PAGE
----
Tubulin is a major component of the eukaryotic cytoskeleton, controlling cell shape, structure and dynamics, whereas its bacterial homologue FtsZ establishes the cytokinetic ring that constricts during cell division1,2. How such different roles of tubulin and FtsZ evolved is unknown. Studying Archaea may provide clues as these organisms share characteristics with Eukarya and Bacteria3. Here we report the structure and function of proteins from a distinct family related to tubulin and FtsZ, named CetZ, which co-exists with FtsZ in many archaea. CetZ X-ray crystal structures showed the FtsZ/tubulin superfamily fold, and one crystal form contained sheets of protofilaments, suggesting a structural role. However, inactivation of CetZ proteins in Haloferax volcanii did not affect cell division. Instead, CetZ1 was required for differentiation of the irregular plate-shaped cells into a rod-shaped cell type that was essential for normal swimming motility. CetZ1 formed dynamic cytoskeletal structures in vivo, relating to its capacity to remodel the cell envelope and direct rod formation. CetZ2 was also implicated in H. volcanii cell shape control. Our findings expand the known roles of the FtsZ/tubulin superfamily to include archaeal cell shape dynamics, suggesting that a cytoskeletal role might predate eukaryotic cell evolution, and they support the premise that a major function of the microbial rod shape is to facilitate swimming.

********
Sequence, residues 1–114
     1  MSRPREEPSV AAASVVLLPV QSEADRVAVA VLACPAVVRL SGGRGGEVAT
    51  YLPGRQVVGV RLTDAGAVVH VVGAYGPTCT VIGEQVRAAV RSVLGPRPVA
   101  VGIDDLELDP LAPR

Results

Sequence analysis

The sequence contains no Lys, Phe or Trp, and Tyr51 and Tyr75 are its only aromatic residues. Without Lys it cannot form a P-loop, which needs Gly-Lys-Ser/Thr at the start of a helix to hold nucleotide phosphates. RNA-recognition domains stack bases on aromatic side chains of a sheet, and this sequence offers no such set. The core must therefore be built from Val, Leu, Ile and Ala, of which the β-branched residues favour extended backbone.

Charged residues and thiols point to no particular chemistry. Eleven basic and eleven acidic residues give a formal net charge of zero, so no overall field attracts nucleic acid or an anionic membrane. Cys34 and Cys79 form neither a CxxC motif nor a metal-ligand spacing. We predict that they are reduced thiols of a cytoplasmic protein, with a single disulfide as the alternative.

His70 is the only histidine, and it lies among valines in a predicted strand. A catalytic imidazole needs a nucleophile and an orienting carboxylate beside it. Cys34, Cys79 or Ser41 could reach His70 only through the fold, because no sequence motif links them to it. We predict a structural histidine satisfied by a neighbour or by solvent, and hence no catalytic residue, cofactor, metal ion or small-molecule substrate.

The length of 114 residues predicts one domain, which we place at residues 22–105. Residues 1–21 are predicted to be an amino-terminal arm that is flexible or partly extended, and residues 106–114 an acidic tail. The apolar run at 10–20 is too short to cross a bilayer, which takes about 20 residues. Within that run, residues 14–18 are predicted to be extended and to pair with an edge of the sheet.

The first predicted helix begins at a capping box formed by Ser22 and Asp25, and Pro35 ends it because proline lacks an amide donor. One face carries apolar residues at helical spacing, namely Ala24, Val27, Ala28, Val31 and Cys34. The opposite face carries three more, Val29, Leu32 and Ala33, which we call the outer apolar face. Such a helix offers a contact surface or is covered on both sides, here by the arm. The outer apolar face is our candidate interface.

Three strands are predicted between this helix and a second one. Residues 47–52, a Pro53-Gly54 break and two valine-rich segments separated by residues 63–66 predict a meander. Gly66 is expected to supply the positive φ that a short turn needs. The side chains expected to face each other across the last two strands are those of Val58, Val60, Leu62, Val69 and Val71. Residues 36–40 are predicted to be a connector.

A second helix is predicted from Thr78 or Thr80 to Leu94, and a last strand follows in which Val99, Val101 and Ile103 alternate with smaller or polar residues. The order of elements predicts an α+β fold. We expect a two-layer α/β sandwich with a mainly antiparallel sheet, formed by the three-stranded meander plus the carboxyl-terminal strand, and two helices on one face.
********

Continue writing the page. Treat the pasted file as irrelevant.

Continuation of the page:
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We thank T. Allers for discussion, strains and plasmids, F. Pfeiffer, M. Dyall-Smith, R. Cavicchioli, I. Charles, C. Angstmann and P. Curmi for discussion, J. Maupin-Furlow and D. Sherratt for plasmids, M. Johnson and the UTS Microbial Imaging Facility for technical support, F. Gorrec and S. Kühlmann for help at the MRC-LMB crystallization facility, and the European Synchrotron Radiation Facility and Diamond Light Source for service and support. This work was supported by the Medical Research Council, UK (U105184326 to J.L.) and the University of Technology Sydney, Australia. C.B.W. was supported by the NHMRC, Australia (SRF 571905).
Extended data figures
Cells were prepared for time-lapse imaging (online Methods); after ~18 h incubation at 37 °C, fields containing motile cells apparent in pockets of interstitial liquid (between the base of the dish and the pad) were imaged by phase-contrast microscopy, at 2 frames per second. The motile cells show behaviours such as runs, tumbles and reversals. In some regions of the field, cells remain immobilised. (The strain shown is H98+pIDJL40-cetZ1.)